The state of the Chinese economy: the latest CKGSB Business Conditions Index shows that business are gearing up for growth
Business sentiments seen to be warming thanks to better-than-expected economic data released in October and November, and optimism surrounding the Third Plenary Session of the 18th Communist Party of China Central Committee. Each month CKGSB’s Case Center and Center for Economic Research conduct a survey of leading entrepreneurs in China to gauge and track changes in their business sentiment. The result of this survey, the CKGSB Business Conditions Index (CKGSB BCI), produced under the guidance of Li Wei, Professor of Economics and Emerging Markets Finance, provides a barometer on the state of the economy as viewed from the eyes of China’s entrepreneurs.
The CKGSB Business Conditions Index for November 2013 shows a positive reading of 61.7, which is 3 points higher than last month’s figure of 58.6 (see CKGSB Business Conditions Index). (See CKGSB Business Conditions Index for August, click here.) As 50 is the threshold between a positive and negative outlook, the 2013 average of 61.2 (7.3 points higher than this time last year), shows that most of our sample of business leaders in China is optimistic about business conditions over the next six months.
The CKGSB BCI questionnaire asks respondents to indicate whether their firm is more, the same, or less, competitive that the industry average. From this we derive a sample competitiveness index (see Industry Competitiveness Index). Consequently, as our sample firms are in a relatively strong position in their respective industries, the CKGSB BCI indices are higher than government and industry PMI indices. Thus users of the CKGSB BCI index may focus on changes over time to forecast trends in the Chinese economy.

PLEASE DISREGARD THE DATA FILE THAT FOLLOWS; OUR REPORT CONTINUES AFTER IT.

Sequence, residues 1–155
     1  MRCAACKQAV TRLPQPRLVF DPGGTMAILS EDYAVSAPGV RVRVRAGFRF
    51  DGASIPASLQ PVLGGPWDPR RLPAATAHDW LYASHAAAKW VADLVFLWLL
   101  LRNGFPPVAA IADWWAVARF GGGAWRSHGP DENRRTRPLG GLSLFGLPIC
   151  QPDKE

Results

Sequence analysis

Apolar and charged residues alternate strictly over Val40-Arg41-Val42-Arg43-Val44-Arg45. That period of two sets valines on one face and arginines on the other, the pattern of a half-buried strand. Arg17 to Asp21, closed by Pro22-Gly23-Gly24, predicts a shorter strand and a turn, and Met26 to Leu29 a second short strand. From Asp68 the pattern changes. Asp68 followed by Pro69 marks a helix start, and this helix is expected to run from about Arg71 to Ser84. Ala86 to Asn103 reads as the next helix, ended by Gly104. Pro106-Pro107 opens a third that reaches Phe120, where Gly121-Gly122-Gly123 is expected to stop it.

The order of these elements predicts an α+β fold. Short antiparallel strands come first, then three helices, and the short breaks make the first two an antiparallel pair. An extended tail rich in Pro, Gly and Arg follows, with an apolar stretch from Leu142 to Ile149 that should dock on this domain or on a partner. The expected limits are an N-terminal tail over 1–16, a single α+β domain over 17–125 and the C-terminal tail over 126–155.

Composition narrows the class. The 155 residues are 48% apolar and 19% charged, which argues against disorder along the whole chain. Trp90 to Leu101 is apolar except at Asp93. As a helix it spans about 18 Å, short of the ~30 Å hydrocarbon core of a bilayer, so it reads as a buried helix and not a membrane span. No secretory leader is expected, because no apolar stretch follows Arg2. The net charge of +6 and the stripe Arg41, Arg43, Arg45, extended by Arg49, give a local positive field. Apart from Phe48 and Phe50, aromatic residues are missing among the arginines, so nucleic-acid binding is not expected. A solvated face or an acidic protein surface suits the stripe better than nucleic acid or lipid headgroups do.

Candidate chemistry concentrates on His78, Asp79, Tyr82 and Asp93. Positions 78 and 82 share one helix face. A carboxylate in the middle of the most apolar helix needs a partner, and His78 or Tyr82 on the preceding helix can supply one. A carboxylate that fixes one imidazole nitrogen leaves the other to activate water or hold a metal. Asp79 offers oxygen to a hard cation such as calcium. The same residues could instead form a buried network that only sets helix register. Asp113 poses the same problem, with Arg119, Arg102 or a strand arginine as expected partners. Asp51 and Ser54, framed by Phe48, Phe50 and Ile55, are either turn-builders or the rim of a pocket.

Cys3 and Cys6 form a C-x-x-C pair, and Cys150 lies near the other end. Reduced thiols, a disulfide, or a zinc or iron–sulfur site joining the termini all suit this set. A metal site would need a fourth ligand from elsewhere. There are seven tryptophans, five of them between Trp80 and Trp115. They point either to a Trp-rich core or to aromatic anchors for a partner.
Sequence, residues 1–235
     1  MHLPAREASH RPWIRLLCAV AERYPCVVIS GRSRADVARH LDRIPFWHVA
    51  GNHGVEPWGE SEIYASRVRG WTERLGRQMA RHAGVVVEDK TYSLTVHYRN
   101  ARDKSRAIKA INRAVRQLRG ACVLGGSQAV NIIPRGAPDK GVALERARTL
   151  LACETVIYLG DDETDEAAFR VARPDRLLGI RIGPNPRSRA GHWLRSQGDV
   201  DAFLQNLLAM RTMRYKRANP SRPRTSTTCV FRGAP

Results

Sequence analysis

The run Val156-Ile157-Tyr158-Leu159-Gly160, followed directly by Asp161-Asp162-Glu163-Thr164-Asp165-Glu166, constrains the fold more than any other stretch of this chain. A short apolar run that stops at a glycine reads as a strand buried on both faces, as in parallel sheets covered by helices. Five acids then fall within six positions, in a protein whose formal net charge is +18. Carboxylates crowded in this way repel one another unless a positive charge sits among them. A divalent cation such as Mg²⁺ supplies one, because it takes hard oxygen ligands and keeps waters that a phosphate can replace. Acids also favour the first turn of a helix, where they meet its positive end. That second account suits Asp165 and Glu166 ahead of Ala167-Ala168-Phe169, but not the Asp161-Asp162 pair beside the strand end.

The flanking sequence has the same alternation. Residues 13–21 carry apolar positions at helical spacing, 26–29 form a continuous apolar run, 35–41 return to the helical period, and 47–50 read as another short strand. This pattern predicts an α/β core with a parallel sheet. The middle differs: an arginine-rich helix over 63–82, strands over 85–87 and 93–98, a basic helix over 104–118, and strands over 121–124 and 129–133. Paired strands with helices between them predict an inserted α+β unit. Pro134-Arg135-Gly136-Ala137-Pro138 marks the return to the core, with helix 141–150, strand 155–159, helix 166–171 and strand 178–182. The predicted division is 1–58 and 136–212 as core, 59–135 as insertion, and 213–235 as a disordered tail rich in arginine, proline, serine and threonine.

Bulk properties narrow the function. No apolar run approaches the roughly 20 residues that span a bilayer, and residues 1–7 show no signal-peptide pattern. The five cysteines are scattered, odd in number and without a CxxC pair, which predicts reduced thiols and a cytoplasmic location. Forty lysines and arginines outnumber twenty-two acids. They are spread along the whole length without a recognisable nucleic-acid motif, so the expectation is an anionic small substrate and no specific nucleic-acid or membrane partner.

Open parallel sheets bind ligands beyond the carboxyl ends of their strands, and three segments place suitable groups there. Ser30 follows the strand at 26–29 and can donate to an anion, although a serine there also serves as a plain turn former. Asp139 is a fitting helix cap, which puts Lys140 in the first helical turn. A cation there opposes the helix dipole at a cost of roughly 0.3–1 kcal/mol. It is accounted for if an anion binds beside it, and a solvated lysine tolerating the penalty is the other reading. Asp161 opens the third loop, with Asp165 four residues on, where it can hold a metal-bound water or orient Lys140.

The corporate sales index rose 3.4 points from 76.3 to 79.7. However, the expectation of higher sales has only led to an increase in the corporate profit index of 0.3 points to 71.0 (see Corporate Sales and Corporate Profits). Together these two indices show that firms are comparatively optimistic about the next six months.
The labor cost index increased from 84.4 to 91.1 while the overall cost index decreased from 83.5 to 80.9 (see Labor Costs and Overall Costs). It appears that the majority of sample firms anticipate costs rising on last year.
The consumer prices index rose 9.8 points from 63.2 to 73.0 (See Producer Prices and Consumer Prices). The producer prices index rose 12.4 points to 47.4, a reduction in exposure on last month. The rebound in producer prices is indicative of a potential for export inflation next month.
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